A politically, and philosophically, divided FCC voted Thursday (Dec. 14) to launch a review of the FCC's national 39% broadcast audience reach cap.
TV station group owners cannot own stations that reach more than 39% of the nation, with waivers in some circumstances.
The FCC is looking at whether it can modify the cap, which was created by Congress, and if so, whether it should be lowered or, more likely under this FCC, raised or eliminated altogether given the increasing programing and technological options for accessing content.
It also asks whether to retain the UHF discount, which allows station groups to count only half their UHF station audience toward that cap, and if not, should the cap be adjusted.
"We need to take a holistic look at the national cap rule, including the UHF discount," chairman Ajit Pai said of the item. "The marketplace has changed considerably due to the explosion of video programming options and various technological advances that have occurred since the cap was last considered in 2004. So we need to examine whether our rules should change accordingly. That’s an important discussion that will be informed by the facts in the record—not anything else."
The item drew no tentative conclusions. Chairman Pai said the item was all about developing a record and could not say when any action would be taken.
The vote was 3-2, with the Democrats strongly opposing. But at least one Republican also had issues with the FCC's authority to take action.
Commissioner Michael O'Rielly said he still didn't think the FCC had the authority to modify the congressionally mandated cap--he is a former congressional staffer who worked on the legislation. O'Rielly said Congress would need to weigh in ultimately, but he supported the FCC review since that congressional review did not look like it was forthcoming.
The FCC under current Chairman Ajit Pai voted to reinstate the cap earlier this year, with the signal that its elimination was tied to the cap review. That dates from the analog days when UHF stations were less desirable signals than VHF, which is the reverse in digital TV.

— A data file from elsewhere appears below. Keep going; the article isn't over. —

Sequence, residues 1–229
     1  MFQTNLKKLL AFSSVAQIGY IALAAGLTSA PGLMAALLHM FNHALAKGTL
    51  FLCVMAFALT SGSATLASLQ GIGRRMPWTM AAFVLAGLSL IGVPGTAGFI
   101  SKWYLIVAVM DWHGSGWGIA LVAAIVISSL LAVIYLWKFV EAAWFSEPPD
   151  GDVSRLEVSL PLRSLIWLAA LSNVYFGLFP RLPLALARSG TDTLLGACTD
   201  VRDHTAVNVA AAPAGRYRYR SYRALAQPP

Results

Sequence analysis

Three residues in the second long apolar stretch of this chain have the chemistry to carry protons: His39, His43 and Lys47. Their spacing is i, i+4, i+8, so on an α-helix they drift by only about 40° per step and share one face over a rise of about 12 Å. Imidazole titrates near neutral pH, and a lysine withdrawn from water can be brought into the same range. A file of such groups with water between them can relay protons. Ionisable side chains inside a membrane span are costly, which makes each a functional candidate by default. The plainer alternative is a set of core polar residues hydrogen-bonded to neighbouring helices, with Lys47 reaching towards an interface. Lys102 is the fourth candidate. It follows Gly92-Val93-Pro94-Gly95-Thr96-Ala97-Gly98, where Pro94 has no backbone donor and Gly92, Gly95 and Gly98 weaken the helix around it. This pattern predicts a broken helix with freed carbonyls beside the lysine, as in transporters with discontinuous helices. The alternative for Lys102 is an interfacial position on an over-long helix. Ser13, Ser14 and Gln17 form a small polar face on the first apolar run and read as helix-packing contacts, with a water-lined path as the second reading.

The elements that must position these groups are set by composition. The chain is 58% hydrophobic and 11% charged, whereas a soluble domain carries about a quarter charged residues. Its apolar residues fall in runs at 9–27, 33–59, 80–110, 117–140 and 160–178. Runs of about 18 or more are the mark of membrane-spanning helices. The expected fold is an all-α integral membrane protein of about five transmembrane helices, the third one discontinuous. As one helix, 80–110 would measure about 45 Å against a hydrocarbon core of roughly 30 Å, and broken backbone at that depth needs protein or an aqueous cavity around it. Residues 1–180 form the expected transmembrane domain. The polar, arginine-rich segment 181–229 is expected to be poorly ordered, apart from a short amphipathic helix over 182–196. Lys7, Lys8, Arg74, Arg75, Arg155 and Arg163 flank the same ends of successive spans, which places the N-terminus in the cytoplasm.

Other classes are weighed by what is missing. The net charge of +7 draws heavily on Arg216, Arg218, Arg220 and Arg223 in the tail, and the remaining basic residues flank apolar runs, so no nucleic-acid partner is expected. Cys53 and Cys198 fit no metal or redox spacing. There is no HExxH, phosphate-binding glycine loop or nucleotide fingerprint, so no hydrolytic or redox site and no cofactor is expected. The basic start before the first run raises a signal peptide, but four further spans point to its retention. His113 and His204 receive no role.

Commissioner Jessica Rosenworcel, who had voted to eliminate the UHF discount under a previous chairman, slammed the proposal.
"Today the FCC seeks to dismantle its values," she said. "At a time when real facts get casually derided as fake news, algorithms are ascendant, and what is viral is often not verifiable, this is neither prudent nor wise. It is also unlawful. At the direction of Congress in the Consolidated Appropriations Act of 2004, the FCC is statutorily prohibited from allowing a single company from acquiring stations that reach more than 39 percent of the national television audience. The FCC lacks authority to change this law.
Doing so is the exclusive province of Congress. But somehow, someway, we have this rulemaking anyway.
"Localism, diversity and competition are bedrock principles of our national media policy, and indeed our democracy," said Commissioner Clyburn, another strong nay. "Giving a single broadcaster the means to buy up enough local stations to exceed the 39% cap is inconsistent with the statute and must be rejected.
Critics of the FCC's restoration of the discount and possible increase of the ownership cap argue those were moves by the FCC majority to help Sinclair buy the Tribune stations.
“Today, the FCC took yet another step to pave an easier path for the proposed Sinclair-Tribune mega-merger at the expense of viewers and an independent, diverse, and local media," said the Coalition to Save Local Media, one of those critics. "The FCC initiated a proceeding to, among other things, relax or eliminate the 39 percent national broadcast audience reach cap, which prevents a single voice from controlling our nation’s airwaves. This cap is statutory, intended to be enforced by the FCC, not amended by it."